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Daggerboards and rudders for AO14


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Ok, - yeah yeah, I know seasons already started, but new baby has delayed getting the other baby out of the carport. The other baby is a Alpha Omega 4.3 with the big (13.5 m2) cat rig.

My problem is this:

The previous owner was a recreational shallow lake sailer and has replaced the original boards with a lovely looking('glass over cedar and ash), but somewhat useless(for an AO) set of boards from a Paper Tiger - (hull depth at slots is much greater on the AO compared to a PT). Also - the rudders have been replaced by what looks like a set of shortened Hobie14 rudders (blunt, heavy and short).

The ensuing result is a cat that doesn't point very well, generally handles like crap, and is rather difficult to tack.

I have aquired LxW specs of the original boards and rudders but not profiles or shapes. I'm thinking NACA 00012 and 00010 profiles will be somewhere close, but not sure. Also, I have no idea what shapes would be best suited for each.

I can competently home-build in cedar and carbon(or kevlar/aramid) so construction is not a problem, but resources on the net in terms of modern fin shapes for cats are virtually non-existent.

Can anyone offer wisdom/plans/links/opinions or anything else that will help??? I aim to make them in the Chrissie break.

Many Thanks

btw: a lovely set of glass over cedar and ash dagger boards for a Paper Tiger will be on offer soon as new boards are completed!

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From my testing I reckon 10% thickness to width (NACA0010) is the most you'd ever need on a centreboard; as the angle of attack is low. Having them thicker helps prevent the board stalling at low speeds, but most of the time a thinner board would have less drag, with 5% (NACA0005) at the other extreme.

The trend with most cats has been in using high aspect boards, say 150mm wide x 15mm thick, maybe 500mm protruding through hull.

For shaping I'd print out the section on paper at exact size, then trace onto an ice-cream lid and cut out to make a template. Shape with small angle grinder fitted with sanding disks; it'll rip into it! Keep removing material, put the template over it, mark the high spots and turn 'em to dust. Start with 80grit, then 120, then maybe go to hand sanding with a large block, and go through the grades 120, 240, 400, 600 ,1200.

Let me know when you want to sell the PT boards; could be a good upgrade for 3038 "the Mystery Tiger"; tonyquoll@yahoo.com

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rudders & C/Boards

From my testing I reckon 10% thickness to width (NACA0010) is the most you'd ever need on a centreboard; as the angle of attack is low. Having them thicker helps prevent the board stalling at low speeds, but most of the time a thinner board would have less drag, with 5% (NACA0005) at the other extreme.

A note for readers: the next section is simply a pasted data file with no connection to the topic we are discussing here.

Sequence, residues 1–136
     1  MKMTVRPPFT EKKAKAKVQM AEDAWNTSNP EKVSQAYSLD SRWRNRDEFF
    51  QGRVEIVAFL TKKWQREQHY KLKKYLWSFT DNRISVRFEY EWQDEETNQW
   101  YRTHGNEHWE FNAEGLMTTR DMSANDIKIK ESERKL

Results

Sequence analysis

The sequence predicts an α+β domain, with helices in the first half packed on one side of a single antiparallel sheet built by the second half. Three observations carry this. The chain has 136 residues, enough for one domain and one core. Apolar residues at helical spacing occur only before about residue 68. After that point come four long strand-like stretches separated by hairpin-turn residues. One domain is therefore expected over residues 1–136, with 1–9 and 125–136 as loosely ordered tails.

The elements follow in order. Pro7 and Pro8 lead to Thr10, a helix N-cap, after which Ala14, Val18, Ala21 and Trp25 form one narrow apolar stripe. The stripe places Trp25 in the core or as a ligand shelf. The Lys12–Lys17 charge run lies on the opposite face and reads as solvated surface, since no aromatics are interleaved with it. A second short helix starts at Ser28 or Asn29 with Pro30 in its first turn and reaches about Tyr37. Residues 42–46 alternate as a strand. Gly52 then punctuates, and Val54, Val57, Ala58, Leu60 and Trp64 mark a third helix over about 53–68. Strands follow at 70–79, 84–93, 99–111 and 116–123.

The trend with most cats has been in using high aspect boards, say 150mm wide x 15mm thick, maybe 500mm protruding through hull.

For shaping I'd print out the section on paper at exact size, then trace onto an ice-cream lid and cut out to make a template. Shape with small angle grinder fitted with sanding disks; it'll rip into it! Keep removing material, put the template over it, mark the high spots and turn 'em to dust. Start with 80grit, then 120, then maybe go to hand sanding with a large block, and go through the grades 120, 240, 400, 600 ,1200.

Let me know when you want to sell the PT boards; could be a good upgrade for 3038 "the Mystery Tiger"; tonyquoll@yahoo.com

We still have all the moulds for all the Alpha Omega rudders and centreboards and can lay up new ones on order

If your interested give us a call on (08) 8326 0877

Darryl

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Hi Darryl, I understand you and your son designed and built these little rippers. How do the OEM boards compare with

"The trend with most cats has been in using high aspect boards, say 150mm wide x 15mm thick, maybe 500mm protruding through hull." as Tony has mentioned (i know he's a PT sailor, and a pretty active one at that). Originals were about 30.5cm - is any pointing ability lost with narrower boards?

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Darryl is offering moulds, so your best result may come from using carbon fibre, vinylester resin and foam core in those moulds. That would produce the strongest and lightest boards, with a proven shape. If this also means you dont need to modify your centreboard cases, then even better.

The cost of materials is huge, and the associated equipment (Vacuum bagging) also difficult to get and use. It may work out cheaper with a better end result to accept Darryl's offer.

The right shape more critical than the right dimensions. Maybe produce a test sample to see how thick your materials become.

I've been warned that using Balsa and other cores can warp, as the fibreglass (or other) coating heats and contracts when setting. This another reason why moulding is preferred.

A mate & I have just made rudders out of hardwood, which has the advantage of not requiring any fibreglass or coatings, was a freely available material and fairly quickly to work with. We'd rather be using carbon in moulds, but dont have the resources or expertise to do it - yet. Maybe next winter, ha, that's what we said last year.

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